Editing Files Using SED The Linux Stream Editor
The Linux text editor sed is the stream editor which allows you to edit a file non-interactively. This means that you can edit a file from within a script or via SSH over the network without opening a terminal. Linux administrators and devops will benefit in this automation and will want to learn how easily file changes can be made with sed.
Simple File Cleaning
One of the best uses of editing files using sed that I find and celebrate is the cleaning of configuration files. Although I am not against comments in configuration files, the place for documentation is in the manual page and comments in the file should explain why the setting has been implemented.
In Ubuntu 20.04 the time server configuration /etc/chrony/chrony.conf has 45 lines. Now, I am not suggesting that 45 lines is excessive it is more than is required. A cluttered configuration file can make it difficult to focus on what has been configured. Using sed_we can easily filter or permanently delete commented and empty lines. To avoid any issues for the demonstration we will copy the configuration file to the home directory and work with the copy. We also need to make sure that chrony is installed.
$ sudo apt update
$ sudo apt install -y chrony
$ cp /etc/chrony/chrony.conf $HOME/chrony.conf
$ sed -E '/^(#|$)/d' $HOME/chrony.conf
pool ntp.ubuntu.com iburst maxsources 4
pool 0.ubuntu.pool.ntp.org iburst maxsources 1
pool 1.ubuntu.pool.ntp.org iburst maxsources 1
pool 2.ubuntu.pool.ntp.org iburst maxsources 2
makestep 1 3
With this simple command we have reduced the file from 45 lines to 10 lines and it easily fits on a single screen. There are further edits we could make but this has been a simple start.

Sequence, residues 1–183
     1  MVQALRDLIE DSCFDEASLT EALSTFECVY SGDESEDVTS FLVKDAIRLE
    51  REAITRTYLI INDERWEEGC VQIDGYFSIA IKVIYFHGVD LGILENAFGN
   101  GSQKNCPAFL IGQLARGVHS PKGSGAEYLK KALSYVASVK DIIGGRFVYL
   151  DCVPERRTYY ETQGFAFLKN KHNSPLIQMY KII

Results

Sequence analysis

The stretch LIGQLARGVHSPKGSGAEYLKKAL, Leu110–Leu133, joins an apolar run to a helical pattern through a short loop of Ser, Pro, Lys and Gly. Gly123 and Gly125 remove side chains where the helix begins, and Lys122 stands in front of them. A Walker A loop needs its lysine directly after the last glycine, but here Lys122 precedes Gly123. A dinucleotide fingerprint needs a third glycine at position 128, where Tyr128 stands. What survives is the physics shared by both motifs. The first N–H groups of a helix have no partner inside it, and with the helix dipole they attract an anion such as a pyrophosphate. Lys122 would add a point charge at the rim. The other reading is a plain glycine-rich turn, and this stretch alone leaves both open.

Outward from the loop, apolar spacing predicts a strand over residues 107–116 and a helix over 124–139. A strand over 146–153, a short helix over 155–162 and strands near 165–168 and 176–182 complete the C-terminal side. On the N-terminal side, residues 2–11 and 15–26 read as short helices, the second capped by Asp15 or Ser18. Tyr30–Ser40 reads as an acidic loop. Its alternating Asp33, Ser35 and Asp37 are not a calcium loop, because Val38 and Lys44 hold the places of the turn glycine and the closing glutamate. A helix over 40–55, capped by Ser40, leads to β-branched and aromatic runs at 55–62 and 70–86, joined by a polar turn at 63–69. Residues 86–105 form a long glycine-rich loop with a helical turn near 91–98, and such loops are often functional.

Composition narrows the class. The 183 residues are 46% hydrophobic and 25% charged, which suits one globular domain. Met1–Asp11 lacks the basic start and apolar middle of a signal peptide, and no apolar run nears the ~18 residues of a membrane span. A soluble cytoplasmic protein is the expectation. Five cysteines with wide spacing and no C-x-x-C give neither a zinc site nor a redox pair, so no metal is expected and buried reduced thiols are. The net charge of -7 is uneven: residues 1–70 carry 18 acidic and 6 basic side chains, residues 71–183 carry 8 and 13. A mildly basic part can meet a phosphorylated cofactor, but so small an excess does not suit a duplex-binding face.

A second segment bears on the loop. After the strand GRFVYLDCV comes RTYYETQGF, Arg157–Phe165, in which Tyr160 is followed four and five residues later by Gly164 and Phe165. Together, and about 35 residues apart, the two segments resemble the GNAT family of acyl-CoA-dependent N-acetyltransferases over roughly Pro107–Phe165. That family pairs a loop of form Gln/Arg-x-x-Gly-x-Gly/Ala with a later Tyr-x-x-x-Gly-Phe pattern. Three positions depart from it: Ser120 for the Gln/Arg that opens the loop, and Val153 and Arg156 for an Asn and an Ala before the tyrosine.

Explaining the Steps
The options are listed below:
-E : Set the enhanced regular expression engine. We need this to process the group we specify in the regular expression
” : We use single quote to encapsulate the complete regular expression and preventing the shell from reading any item as a meta character
// : The regular expression is delimited using the forward slash to open and close”
^ : The first part of the regular expression is the caret that specifies that the lines starts with
() : The parenthesis specifies a group and why we need the option -E to sed. This is an enhanced regular expression.
^(#|$) : The grouping in this case along with the rest of the regular expression allows the commented or empty lines to be deleted.
The command only filters lines and does not touch the underlying file. At least not yet and it is good to test the command before editing the file.
Deleting Other Lines When Editing Files Using Sed
As we are concentrating on editing files with sed we are likely to need to change the configured time sources. In an enterprise you will likely source time from a local infrastructure device on your own network. We can easily delete the configured pool entries too:
$ sed -Ee '/^(#|$)/d' -e '/^pool/d' $HOME/chrony.conf
makestep 1 3
Although just extending the expressions on the CLI by adding the -e option for each new expression we want is possible it will also get messy and may not be repeatedly correct. Wehn editing files using sed we can also use sed script files. We will use this to first insert two of our own entries and the delete the lines we don’t want.
SED Script Files Help Automate Editing
To create a script file we simply use our prefered text editor:
$ vim chrony.sed
1i server 192.168.1.1 iburst prefer
2i pool uk.pool.ntp.org
We have added an entry to add our infrastructure time source at line one and at line 2 a failover to a public time source. It is easier to add the lines before any deletions and the line addresses change when lines are added or deleted. With the script in place:
$ sed -Ef chrony.sed '/^(#|$)/d' $HOME/chrony.conf
server 192.168.1.1 iburst prefer
makestep 1 3
The file script now works and we can implement the final changes now by editing files using sed and the option -i for an in-place edit.
$ sed -i -Ef chrony.sed '/^(#|$)/d' $HOME/chrony.conf